“When you hand good people possibility, they do great things.” – Biz Stone

To create possibilities for the conservation and resiliency of New York State land and waters and citizens, one must invest in training the people to help the cause in “providing today and protecting tomorrow.” Just as a tree, plant or family establishes roots in our local communities, “local Soil and Water Conservation District staff provide the ‘roots of conservation,” said New York State Ag & Markets Commissioner Richard Ball.

Expectations are high for implementation, as the $4.2 billion NYS Environmental Bond Act, the Climate Leadership and Community Protection Act (Climate Act), regenerative farming initiatives, local foodsheds and recreating New Yorkers look for progress as investment in conservation and green jobs grow.

A lot of this work has been steered to the locals of conservation. To meet the expectations on the ground, the New York State Conservation District Employees’ Association (NYS CDEA) and their 58 respective districts from every county and borough in NYS hold an intense four-day Water Quality Symposium (WQS) for district employees, USDA-NRCS employees, water quality coordinating committee representatives and all conservation partners who seek effective professional development experiences and training in helping customers.

The 2024 WQS, coordinated by Oneida County SWCD District Manager Jessica Armstrong, was attended by a record number of over 300 professionals and featured 30 training sessions from small farm planning, stormwater management practices and grazing paddock designs to accounting procedures. Managing fallow land, learning about tree diseases, vegetable production and hands-on soil health practices and HydroCAD design were taught by seasoned mentors and accredited engineers. The symposium also focused on personal development and communication skills in managing diverse projects and people.

New York Conservation District employees train for the future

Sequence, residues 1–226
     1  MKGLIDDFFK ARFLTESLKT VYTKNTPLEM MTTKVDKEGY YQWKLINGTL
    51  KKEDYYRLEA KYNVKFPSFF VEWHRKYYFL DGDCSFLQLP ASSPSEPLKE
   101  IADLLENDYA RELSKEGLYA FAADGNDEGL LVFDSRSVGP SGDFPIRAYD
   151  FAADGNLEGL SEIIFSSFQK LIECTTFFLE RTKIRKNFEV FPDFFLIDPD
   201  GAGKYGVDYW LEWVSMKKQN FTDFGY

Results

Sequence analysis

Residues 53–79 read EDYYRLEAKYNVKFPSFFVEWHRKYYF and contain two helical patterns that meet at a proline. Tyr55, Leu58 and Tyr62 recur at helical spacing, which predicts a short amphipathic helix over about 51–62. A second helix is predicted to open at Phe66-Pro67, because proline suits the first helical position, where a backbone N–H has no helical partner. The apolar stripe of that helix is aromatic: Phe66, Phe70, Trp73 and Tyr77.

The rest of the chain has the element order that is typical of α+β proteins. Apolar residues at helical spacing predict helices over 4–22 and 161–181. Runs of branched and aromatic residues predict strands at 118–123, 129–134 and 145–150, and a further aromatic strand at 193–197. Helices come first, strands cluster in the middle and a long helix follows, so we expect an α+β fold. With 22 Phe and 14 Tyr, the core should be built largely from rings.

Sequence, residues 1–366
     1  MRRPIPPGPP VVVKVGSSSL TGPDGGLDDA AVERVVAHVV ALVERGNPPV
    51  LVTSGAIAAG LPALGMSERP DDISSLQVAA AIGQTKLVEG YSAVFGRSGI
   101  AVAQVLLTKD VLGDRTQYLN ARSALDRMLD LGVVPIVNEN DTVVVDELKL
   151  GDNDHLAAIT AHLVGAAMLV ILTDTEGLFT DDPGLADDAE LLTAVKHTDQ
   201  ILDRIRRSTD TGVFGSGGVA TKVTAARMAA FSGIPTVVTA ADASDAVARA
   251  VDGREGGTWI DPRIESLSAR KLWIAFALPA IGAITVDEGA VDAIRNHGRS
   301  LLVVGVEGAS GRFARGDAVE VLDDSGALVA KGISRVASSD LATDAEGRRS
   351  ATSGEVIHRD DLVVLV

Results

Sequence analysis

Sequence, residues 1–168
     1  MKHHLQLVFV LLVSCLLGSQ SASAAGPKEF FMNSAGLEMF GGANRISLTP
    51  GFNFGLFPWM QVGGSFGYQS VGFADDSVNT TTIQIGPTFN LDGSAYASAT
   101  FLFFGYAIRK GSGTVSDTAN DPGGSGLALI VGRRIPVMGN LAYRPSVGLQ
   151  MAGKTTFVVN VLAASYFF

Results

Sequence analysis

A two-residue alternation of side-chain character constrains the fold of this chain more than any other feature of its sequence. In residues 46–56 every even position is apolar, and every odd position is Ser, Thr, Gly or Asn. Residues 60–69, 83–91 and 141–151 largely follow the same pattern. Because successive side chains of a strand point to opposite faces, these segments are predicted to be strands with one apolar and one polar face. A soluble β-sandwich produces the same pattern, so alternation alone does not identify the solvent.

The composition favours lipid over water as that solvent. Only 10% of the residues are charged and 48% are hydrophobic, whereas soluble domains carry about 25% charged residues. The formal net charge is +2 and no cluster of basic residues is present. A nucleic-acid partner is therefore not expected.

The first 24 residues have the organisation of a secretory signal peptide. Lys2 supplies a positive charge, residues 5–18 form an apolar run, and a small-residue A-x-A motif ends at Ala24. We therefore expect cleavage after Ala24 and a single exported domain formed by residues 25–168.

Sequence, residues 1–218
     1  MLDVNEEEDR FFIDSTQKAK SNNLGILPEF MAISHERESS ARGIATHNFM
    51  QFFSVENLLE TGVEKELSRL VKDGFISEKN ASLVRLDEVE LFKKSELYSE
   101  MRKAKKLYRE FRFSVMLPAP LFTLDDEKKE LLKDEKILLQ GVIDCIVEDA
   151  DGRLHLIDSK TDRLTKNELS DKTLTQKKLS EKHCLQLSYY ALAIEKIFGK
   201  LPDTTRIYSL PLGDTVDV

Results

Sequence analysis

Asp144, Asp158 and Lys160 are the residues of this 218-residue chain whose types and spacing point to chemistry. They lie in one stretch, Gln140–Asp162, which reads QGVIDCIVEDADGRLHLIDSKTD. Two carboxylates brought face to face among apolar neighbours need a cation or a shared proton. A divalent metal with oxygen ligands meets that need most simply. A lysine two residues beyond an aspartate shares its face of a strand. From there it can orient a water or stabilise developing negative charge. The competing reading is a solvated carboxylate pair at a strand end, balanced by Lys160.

NYS CDEA winners from across the state. Submitted photo

In addition, a resource fair featuring producers, partner vendors and businesses provided a networking forum to learn about different strategies, equipment and products that help staff provide affordable, quality conservation practices.

The NYS CDEA also takes the time to honor employees, conservation partners and special projects with an awards banquet. This year’s event, led by Hamilton County SWCD Manager and NYS CDEA President Caitlin Stewart, bestowed the prestigious Willard F. Croney Distinguished Service Award for an outstanding conservation district employee to Shino Tanikawa, executive director of the NYC SWCD.

“Thank you for giving me the most honorable recognition. I am deeply touched and humbled. It is gratifying to have the work of an urban conservation district (in the most urbanized of cities in the nation) recognized as important and meaningful,” said Tanikawa. “Although I am the recipient of the award, I consider it an award to my district and all the people who have ever worked with the district staff, board and partners.”

This year’s awards banquet also honored other deserving land stewards. The President’s Award was presented to Cortland County SWCD’s Natural Resource Conservationist Shawn Murphy. The Partnership Appreciation Award was bestowed on Matt Swayze, NYS Department of Environmental Conservation Forester. The District Director Award honored Larry Lewis, farmer and district board chair of the Yates County SWCD for his years of dedicated service. The Special Project Award went to Chautauqua County SWCD.

The Community Service Award was given to Brianna Rosamilla from Rockland County SWCD. Division Merit Awards were awarded to Scott Collins of Niagara SWCD, Jason Cuddeback of Cayuga SWCD, Erica Scheiner from Oswego SWCD, Brian Danforth from Delaware SWCD, Jillian Zajac of Clinton SWCD, Lori Sheehan from Washington SWCD, Lauren Drum from Dutchess SWCD and Derek Betts of Nassau SWCD.

“This year’s Water Quality Symposium was one for the history books,” said Stewart. “We maxed out classroom space and hotel rooms … with record numbers of new employees learning to put conservation into action on the land and around water resources. The expert instructors and seasoned mentors cultivated professional development on all levels of experience. The networking opportunities allow staff the space to solve problems, build relationships across the state and work together to help agriculture, rural, suburban and urban customers.”

To learn more and get connected with your local conservation district or NYS CDEA staff personnel, visit nyscdea.com.

by Troy Bishopp